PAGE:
May Snow

Untitled from Art Concret (centerfold), Jean Helion

The yellowwood blossoms have lost this vaguely citrus scent

and graupeln the grass. Some drift across the driveway’s black

river and arrange—yes, flowers arranging themselves—into

bars of white crisps. And they will not melt in the first warm

snap of May, and that is why I prize them amid the complement

of the cicadas, their chirring strangely making for this

bracing air as I scoop up a handful of yellowwood blossoms

to spruce up a tired bowlful of potpourri. Once it looked and

smelled nice new in the cellophane bag. The pinecones, cinnamon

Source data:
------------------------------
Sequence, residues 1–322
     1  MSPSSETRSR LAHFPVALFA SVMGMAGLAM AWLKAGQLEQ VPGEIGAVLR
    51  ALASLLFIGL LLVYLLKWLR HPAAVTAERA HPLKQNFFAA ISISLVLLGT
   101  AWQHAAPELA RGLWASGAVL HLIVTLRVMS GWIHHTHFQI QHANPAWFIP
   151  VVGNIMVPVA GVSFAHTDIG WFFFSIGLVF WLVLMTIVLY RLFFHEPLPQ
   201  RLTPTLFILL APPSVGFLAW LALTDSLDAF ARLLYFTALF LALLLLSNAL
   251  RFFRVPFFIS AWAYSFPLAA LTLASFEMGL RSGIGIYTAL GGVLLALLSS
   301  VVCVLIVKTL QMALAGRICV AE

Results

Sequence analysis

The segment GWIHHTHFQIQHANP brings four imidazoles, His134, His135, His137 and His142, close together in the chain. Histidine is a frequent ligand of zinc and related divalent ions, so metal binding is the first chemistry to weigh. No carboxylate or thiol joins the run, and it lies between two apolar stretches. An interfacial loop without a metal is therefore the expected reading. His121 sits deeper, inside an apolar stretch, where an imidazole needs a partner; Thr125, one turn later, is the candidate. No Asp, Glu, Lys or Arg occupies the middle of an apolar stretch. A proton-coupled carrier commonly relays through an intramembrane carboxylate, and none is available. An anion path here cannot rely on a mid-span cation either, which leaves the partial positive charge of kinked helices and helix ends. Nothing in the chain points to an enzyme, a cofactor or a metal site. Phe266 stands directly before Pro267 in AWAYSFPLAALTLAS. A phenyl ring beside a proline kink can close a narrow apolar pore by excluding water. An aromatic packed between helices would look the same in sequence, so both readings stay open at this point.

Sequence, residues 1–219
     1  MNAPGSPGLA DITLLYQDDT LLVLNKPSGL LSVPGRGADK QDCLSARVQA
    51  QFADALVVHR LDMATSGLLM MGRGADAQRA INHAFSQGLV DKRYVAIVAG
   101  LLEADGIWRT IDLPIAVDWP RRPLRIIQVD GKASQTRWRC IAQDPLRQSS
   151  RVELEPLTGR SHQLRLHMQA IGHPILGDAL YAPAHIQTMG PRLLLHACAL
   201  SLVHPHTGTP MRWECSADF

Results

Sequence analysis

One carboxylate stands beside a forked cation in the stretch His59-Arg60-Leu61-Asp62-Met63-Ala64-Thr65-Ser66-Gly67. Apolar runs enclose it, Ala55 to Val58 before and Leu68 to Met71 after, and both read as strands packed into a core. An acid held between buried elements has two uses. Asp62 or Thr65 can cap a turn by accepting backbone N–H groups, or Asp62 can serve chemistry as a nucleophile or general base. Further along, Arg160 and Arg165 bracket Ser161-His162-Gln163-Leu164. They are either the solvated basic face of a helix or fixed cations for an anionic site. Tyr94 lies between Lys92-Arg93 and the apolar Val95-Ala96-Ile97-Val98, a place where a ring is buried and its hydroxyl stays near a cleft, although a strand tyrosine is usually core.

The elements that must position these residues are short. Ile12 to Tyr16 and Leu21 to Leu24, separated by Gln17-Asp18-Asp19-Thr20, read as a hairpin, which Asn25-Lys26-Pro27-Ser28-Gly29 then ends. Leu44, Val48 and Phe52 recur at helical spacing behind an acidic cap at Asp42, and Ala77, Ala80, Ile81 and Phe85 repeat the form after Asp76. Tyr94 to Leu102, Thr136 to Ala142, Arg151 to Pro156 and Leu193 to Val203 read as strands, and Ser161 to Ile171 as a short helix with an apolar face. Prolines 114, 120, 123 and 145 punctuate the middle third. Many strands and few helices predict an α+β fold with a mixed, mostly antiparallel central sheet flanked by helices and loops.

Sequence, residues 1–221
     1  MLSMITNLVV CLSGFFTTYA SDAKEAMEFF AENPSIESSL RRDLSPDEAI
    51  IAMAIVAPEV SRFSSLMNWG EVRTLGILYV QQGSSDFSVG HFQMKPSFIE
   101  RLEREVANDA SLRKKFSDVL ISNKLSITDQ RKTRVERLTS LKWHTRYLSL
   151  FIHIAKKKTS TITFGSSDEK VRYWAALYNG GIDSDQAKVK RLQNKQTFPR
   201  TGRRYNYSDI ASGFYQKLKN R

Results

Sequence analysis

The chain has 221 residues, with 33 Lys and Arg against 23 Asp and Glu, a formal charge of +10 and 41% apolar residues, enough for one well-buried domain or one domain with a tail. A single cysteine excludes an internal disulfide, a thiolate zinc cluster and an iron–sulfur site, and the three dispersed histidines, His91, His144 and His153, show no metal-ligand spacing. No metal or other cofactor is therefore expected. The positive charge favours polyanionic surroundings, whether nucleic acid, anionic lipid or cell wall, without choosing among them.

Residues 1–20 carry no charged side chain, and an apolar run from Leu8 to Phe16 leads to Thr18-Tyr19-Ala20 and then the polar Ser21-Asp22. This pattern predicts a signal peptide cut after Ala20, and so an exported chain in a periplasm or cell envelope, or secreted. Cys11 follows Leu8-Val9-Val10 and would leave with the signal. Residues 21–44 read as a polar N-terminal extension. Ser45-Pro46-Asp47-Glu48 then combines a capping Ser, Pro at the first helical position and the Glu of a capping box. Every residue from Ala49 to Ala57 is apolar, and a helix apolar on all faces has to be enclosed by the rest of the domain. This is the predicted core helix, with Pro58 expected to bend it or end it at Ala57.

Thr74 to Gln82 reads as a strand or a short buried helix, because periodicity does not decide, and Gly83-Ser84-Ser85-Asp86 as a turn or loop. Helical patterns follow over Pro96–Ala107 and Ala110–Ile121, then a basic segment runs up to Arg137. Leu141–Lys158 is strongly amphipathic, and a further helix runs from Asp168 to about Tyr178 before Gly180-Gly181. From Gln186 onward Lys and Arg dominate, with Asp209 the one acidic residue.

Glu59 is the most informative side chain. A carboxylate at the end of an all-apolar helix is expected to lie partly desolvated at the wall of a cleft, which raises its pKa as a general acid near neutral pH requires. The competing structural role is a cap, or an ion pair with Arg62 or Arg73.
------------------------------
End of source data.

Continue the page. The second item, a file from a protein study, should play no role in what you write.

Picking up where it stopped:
sticks, the dried rosebuds, the waterlily pods going

dot-dot-dot for all the rest are so dusty. Tossing them (just

like a salad, that’s all you do) only freshens the colors so long

and teases a few death rattles out of their faded glory. My

mother would spray a little furniture polish, pour some bay

rum, and tap out some tinned cinnamon to help her bowl

when company was coming. But any potpourri recipe devolves

into an odorless still-life of itself, a pose that promises

to smell like heaven, like the May snow if you open the window

on an unrelenting choir, the way it frisks in the treetops,

like a swarm of black flies, red-eyed over its meat, holding an

almost human word, cold, holding it up to its highest note.